The Minneapolis Public Schools school board met at the Davis Center for a special superintendent search meeting on May 16 to discuss details about the timeline for hiring a permanent superintendent, the desired profile of the new hire, and community engagement around  hiring the superintendent. The meeting was in preparation for the June 6 superintendent search meeting with BWP & Associates, the consulting group that will find candidates for the position. School board chair Sharon El-Amin said BWP & Associates  would be watching the May 16 meeting.

Rochelle Cox is the interim superintendent. She started the job in July of 2022 after Ed Graff resigned from the job. Graff was superintendent from 2016 until his resignation in 2022.

The board voted in January to delay the search firm’s work in finding the new superintendent until September. The board has already held several community listening sessions and distributed a survey asking community members what they value in a new superintendent. The listening sessions and survey gathered nearly 4,000 responses. There are about 30,000 students at MPS. 

Every board member besides Adriana Cerrillo attended the May 16 meeting. Student representative Halimah Abdullah attended as well. 

The meeting began with a condemnation of gun violence in our communities, because teenagers had shot bullets through a window at the Davis Center the day prior. 

Timeline of the search 

The directors generally agreed that they should hire a superintendent by January 2024, though Director Lori Norvell pointed out that the hiring date should depend on the candidate because some candidates could finish out the school year at a current school. 

Director Joyner Emerick liked the idea of hiring around the holiday season and onboarding the new hire for the rest of the school year, shadowing Cox.

Director Abdul Abdi agreed with the hiring timeline but requested that board members have a standardized profile of what they’re looking for in a superintendent well before this hiring date and during the community engagement portion of the process, and he wants this profile to be well-communicated to stakeholders.

Superintendent candidate profilesDirectors had three examples of profiles with qualities that other districts wanted in candidates for superintendents. Director Ira Jourdain said that the example profiles looked thorough and that he didn’t want to get too in the weeds around the wording of the profiles, since the consulting firm is the expert in that area.

Emerick said that the profiles in front of them were very generic, and that they wanted a profile that is specific to MPS. To do so, Emerick suggested talking with other superintendents who have worked in multiple districts to determine the differences in approaching topics like relationship building and communication.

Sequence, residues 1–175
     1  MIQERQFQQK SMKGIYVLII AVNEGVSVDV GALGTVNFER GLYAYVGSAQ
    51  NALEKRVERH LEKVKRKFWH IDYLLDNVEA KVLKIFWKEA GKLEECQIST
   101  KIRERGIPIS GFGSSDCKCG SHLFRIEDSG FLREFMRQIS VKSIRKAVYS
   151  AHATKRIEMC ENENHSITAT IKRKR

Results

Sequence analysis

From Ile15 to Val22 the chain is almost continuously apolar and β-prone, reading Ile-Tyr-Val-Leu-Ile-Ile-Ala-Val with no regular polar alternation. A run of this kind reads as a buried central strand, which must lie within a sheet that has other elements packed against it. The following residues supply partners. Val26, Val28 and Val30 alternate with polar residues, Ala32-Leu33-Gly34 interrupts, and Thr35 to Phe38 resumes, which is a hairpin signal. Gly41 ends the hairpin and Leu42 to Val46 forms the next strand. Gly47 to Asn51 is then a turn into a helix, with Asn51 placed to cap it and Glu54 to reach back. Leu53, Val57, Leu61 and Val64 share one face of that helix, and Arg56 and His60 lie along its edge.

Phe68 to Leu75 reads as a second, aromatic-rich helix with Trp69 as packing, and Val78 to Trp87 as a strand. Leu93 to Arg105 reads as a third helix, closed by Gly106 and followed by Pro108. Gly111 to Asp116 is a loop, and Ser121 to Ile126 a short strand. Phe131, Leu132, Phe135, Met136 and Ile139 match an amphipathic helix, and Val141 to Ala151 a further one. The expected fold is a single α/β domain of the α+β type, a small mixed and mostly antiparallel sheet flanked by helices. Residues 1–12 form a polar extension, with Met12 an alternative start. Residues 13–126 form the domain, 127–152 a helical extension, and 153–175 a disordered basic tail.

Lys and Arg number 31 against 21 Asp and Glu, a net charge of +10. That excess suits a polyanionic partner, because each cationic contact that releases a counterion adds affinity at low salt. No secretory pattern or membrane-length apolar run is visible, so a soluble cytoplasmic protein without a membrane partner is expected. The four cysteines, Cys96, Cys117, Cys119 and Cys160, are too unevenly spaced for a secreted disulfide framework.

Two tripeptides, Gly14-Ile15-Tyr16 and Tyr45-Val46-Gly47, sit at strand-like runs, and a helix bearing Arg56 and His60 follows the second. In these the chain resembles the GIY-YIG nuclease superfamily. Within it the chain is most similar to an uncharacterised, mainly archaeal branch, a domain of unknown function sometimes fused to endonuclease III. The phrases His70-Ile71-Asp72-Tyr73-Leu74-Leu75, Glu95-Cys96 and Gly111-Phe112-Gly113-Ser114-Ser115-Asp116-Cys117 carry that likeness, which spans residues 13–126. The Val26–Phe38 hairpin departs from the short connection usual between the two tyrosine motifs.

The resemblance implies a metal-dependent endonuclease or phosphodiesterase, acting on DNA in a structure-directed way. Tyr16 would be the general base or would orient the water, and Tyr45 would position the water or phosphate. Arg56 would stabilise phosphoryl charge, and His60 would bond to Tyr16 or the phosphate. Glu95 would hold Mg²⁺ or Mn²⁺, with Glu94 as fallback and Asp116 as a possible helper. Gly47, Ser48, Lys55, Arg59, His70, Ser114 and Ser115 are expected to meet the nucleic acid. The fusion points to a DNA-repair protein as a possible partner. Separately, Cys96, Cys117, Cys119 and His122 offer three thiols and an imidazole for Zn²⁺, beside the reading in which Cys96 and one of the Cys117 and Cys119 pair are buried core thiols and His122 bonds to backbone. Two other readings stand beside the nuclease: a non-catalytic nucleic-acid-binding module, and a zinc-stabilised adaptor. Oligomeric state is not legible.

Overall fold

“Does any district in the country say ‘relationship building– not a priority to us. Good communication skills– not a priority to us?’” Emerick said. “Some of this stuff goes without saying because it’s the job.”

The important piece to Norvell is that the profile highlights that the candidate should believe in the district’s strategic plan and be prepared to enact it. 

El-Amin said that directors should input their ideas for the profile before the meeting on June 6, and ideally not the day before, so that they can present BWP & Associates with a profile including all the directors’ input. The board could then rework the profile with BWP & Associates’ advice. 

Community engagement around the search 

Directors had varying opinions when it came to the community engagement piece of the superintendent search. Student representative Abdullah suggested a question and answer format for community engagement because the public comment format for board meetings doesn’t allow for school board directors to respond. She also said that translation services and accessibility for marginalized communities is important to her.

Director Kim Ellison wondered what the goals and content for the community engagement would be, since the first round of community engagement in the winter was to create the profile for the candidate. The profile should be finalized at the June 6 meeting and the community engagement will begin afterwards. El-Amin said that the community engagement would guide directors on how to proceed with the search.

Jourdain and Emerick said they wanted engagement to happen organically. Jourdain said that he attends neighborhood organization meetings to start conversations with community members about what’s going on at the schools. Similarly, Emerick said they want directors to meet community members where they already are instead of inviting them to a meeting. They said that directors should start conversations about the next superintendent at parks, beaches and community events like Open Streets. Jourdain asked for standardized questions for these conversations.

Norvell said that clear and consistent communication between directors and community members is a key part of the community engagement process. She suggested robocalls, emails and flyers in coffee shops as ways to reach families about the search, and said that creating a superintendent search committee would be a way to create standardized information to distribute to community members.

“It’s no secret that our growing edge, our area of growth at MPS is communication,” Norvell said.

The next special superintendent search board meeting, which will include BWP & Associates, will be on June 6 at the Davis Center and livestreamed online.